Title: The Crow: City of Angels (1996)
Director: Tim Pope
Cast: Vincent Perez, Mia Kirshner, Richard Brooks, Iggy Pop, Thomas Jane
When I first saw Alex Proyas’s The Crow (1994) in theaters, I remember the film became an instant favorite of mine. I saw it a few times in the theater, and when it was released on VHS, I showed it to as many people as I could and I made it my own. Why? Well, it was a comic book movie, it was dark, gothic, and had that undeniable rock and roll feel to it. I liked the look of the film, the attitude that it emanated and the fact that it was so poetic and violent at the same time. Then of course, there was Brandon Lee’s powerhouse performance as Eric Draven, the titular Crow. Had he not mysteriously died while shooting The Crow, this would have been the film that would’ve catapulted him to stardom, no doubts about it. But alas, The Crow was to be Brandon Lee’s swang song, but hey, what a swan song! The first film was a complete success, so many elements helped make that film memorable. Of course, a sequel was a no brainer, so Miramax issued a second take on The Crow. Expectations were high for me with this sequel, how did it fare when compared to the masterful original?
Well, to be honest, when compared to the original, The Crow: City of Angels does fall short, mainly in its last half, but I can’t really bring myself to say that this is a bad film, because it isn’t. The film does have a flaw here and there, but I think the film has more pros than cons going for it. I guess the best way to enjoy City of Angels is not to compare it to the original, though you will find this difficult since this films major flaw is its lack of originality. Though this is not entirely the filmmakers fault, Tim Pope the film’s director and David S. Goyer, the films writer, wanted to make a film that distinguished itself both visually and story wise from the original and to an extent I would say the succeeded in this. But Miramax wanted a Xerox copy of the original and so they took the film away from the director and re-edited the thing to make it resemble the first film. Miramax is famous for messing with filmmakers visions, if you want to read a nightmarish tale of how Miramax treats filmmakers, look into the production of Rob Zombie’s Halloween 2 (2009). Miramax has famously mistreated filmmakers to the point where they never want to make another film again! Rob Zombie has stated he never wants to work with them again, and Tim Pope the director behind The Crow: City of Angels never made another feature film again. Could it have something to do with the way Miramax treated his vision? Probably. Both director and writer disowned the film!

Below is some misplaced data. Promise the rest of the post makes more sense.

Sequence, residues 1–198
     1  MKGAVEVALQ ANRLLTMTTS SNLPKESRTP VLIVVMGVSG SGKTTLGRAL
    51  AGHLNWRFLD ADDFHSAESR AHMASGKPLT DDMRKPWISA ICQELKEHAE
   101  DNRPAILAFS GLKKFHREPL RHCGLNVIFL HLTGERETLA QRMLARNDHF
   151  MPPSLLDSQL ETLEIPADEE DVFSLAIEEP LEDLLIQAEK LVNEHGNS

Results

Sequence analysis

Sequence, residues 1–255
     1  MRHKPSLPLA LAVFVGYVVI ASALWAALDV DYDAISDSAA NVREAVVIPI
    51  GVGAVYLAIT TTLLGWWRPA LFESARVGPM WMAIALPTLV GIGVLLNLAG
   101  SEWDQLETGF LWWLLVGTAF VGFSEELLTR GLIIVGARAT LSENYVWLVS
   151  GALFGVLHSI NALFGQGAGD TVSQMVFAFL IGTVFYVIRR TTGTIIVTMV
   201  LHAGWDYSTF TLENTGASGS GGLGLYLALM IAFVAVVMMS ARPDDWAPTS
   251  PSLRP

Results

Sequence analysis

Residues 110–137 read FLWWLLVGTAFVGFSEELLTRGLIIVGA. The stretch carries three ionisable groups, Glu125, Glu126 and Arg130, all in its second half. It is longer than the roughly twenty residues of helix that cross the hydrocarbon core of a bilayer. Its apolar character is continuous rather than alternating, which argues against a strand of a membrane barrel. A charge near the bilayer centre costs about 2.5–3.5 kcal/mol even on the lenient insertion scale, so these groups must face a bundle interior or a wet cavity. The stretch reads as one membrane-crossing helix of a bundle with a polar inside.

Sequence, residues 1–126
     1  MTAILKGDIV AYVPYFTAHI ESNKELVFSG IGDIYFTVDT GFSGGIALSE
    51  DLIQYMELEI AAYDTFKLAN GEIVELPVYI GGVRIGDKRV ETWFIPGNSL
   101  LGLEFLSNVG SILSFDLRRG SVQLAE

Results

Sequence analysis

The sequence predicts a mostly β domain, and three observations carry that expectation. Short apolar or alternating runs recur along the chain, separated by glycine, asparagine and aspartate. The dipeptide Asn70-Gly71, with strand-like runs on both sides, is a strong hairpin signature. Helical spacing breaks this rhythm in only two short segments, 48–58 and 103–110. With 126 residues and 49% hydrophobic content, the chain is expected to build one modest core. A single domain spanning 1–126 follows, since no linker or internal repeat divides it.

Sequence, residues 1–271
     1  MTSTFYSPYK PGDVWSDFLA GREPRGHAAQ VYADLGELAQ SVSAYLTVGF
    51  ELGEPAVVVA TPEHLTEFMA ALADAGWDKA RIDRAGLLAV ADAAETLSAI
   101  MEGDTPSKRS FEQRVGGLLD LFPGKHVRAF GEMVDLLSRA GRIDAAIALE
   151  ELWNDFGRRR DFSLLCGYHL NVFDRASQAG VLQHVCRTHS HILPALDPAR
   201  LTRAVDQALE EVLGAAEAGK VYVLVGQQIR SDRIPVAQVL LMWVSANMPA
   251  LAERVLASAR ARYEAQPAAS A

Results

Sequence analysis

Still, even through all these production woes, a watchable film remains. The Crow: City of Angels, is not a total disaster in my book, it had enough redeeming qualities to keep me interested all the way through. So let’s go through the positive points shall we? First off, I enjoyed the films look, which is very obviously a different color palette then the original film, which was shrouded in darkness. At times, the original The Crow looks like a black and white film. In contrast, The Crow: City of Angels is a colorful film. It still retains the grime and filth and the almost post-apocalyptic look, but the visuals are drenched in yellows, reds and purples, loved that about it. I guess some directors think comic-book films always equal lots of primary colors.